• Unemployment has risen more than 300 percent among older people in the past decade.
• Job fairs such as one scheduled for Sept. 22 in Nashville can give older workers tips and leads.
• Health care and green technology are among the hot areas for those seeking work.
When Aaron Sito lost his job of 23 years after a company merger, he little imagined it would take him three years to land another full-time position.
In April 2009 the former pharmaceutical representative took two part-time jobs. One, as a photo specialist for Walgreens in his hometown of Lebanon, became full time in January.
In the months between jobs, Sito, 51, sent out hundreds of resumés and applied for 300 jobs online and through local employment agencies. Simple perseverance led to his present position.
“A new store opened in Lebanon, and I just walked in and said, ‘Hey, need anybody?’ ” he recalled. “The manager saw that I had had plenty of responsibility. I kind of convinced him: ‘Here is what I am willing to do—whatever it takes.’ ”
Sito has made the best of the situation. “I’d done well in my career. We had been able to save, and my wife was working part time, so we didn’t have fear of a financial crisis. We were prepared for this type of a thing.”
With Tennessee’s unemployment rate over 10 percent, it takes a lot to land a new job. For older workers that means perseverance as well as flexibility, networking, training and a willingness to explore new fields.
“Unemployment right now is at one of the highest levels we’ve seen since the mid-’80s. People are not only unemployed in large numbers but unemployed over a longer period of time,” said Jeff Hentschel, communications director of the Tennessee Department of Labor and Workforce Development.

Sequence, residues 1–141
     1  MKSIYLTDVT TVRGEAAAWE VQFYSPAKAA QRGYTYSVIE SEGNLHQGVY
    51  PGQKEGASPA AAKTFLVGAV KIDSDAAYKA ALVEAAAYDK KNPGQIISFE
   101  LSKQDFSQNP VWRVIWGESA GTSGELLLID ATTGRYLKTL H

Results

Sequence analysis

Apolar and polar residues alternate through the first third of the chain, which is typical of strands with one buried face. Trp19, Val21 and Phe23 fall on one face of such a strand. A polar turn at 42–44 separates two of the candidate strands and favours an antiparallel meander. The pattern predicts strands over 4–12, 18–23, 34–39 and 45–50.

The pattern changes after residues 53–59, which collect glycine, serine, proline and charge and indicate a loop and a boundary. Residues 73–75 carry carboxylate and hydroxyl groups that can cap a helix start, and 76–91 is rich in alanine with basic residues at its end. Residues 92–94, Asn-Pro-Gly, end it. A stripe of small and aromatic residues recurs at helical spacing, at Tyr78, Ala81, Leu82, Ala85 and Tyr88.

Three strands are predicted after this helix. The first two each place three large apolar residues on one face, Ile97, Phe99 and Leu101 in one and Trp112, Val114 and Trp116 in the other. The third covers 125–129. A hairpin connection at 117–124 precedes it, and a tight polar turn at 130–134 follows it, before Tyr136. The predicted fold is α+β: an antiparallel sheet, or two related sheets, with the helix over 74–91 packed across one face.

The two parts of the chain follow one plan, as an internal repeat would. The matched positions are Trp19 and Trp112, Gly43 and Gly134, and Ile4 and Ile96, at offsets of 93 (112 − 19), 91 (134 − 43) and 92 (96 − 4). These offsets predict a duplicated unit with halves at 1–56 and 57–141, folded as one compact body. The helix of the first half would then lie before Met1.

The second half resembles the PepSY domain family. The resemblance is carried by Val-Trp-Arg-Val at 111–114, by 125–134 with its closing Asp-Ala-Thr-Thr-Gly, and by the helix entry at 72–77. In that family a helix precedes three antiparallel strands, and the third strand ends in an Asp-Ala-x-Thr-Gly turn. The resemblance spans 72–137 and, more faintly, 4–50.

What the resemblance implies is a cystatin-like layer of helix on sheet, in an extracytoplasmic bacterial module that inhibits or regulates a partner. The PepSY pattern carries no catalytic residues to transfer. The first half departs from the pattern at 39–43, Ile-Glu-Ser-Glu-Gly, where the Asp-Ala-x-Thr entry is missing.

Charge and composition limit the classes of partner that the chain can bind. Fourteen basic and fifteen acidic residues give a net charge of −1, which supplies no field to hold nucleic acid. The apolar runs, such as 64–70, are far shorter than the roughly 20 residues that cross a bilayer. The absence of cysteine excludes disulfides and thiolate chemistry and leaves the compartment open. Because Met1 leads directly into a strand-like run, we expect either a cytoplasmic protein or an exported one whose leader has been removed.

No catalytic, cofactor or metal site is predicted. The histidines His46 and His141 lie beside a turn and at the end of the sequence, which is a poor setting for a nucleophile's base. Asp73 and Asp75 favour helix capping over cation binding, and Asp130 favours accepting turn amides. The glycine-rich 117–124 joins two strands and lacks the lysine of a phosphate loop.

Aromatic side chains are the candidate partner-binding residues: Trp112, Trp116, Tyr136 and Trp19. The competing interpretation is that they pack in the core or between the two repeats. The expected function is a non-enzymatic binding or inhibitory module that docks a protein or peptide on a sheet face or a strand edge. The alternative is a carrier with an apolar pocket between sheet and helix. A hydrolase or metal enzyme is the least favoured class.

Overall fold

Nevertheless, jobs are out there, especially in the areas of health care and green technology, according to Hentschel.
For job seekers 40 or older, a separate website, Boomer Careers, offers specific information geared to issues faced by older workers in Tennessee.
“The career fairs are about linking older workers with a variety of services and resources as well as allowing them to meet with prospective employers,” said Tara Shaver, AARP Tennessee community outreach director.
“The career fair will feature employers with job openings, help with job search strategies and career counseling,” Shaver said.
It also will provide an Internet café so attendees can go online and access job sites.
A highlight of the Sept. 22 fair will be an AARP-sponsored workshop—“The Power of Promoting Yourself”—presented by volunteer Bonnie Fertig and Shaver. Fertig describes it as giving job seekers “an individual look at what key qualities they have to offer to an employer and what they have to promote in terms of creating a brand for themselves.” The interactive workshop will focus on how to promote yourself and your “brand,” using networking tools, resumé writing and the interview process.
A key tip is to let people know you are looking, Fertig said.
First Tennessee Bank is one company that values the experience and diversity older workers can bring to the table. The bank looks for “someone who can add to the success of the organization and be successful within the organization,” said Tracie Robinson, First Tennessee’s talent acquisition and diversity officer.
“Stay current technologically by being abreast of how to search for jobs now,” she said. “Understand how to really navigate [the job] system through networking.”
Ken Beck is a freelance journalist and author living near Watertown. His “Ask Ken Beck” trivia column runs in several Middle Tennessee newspapers.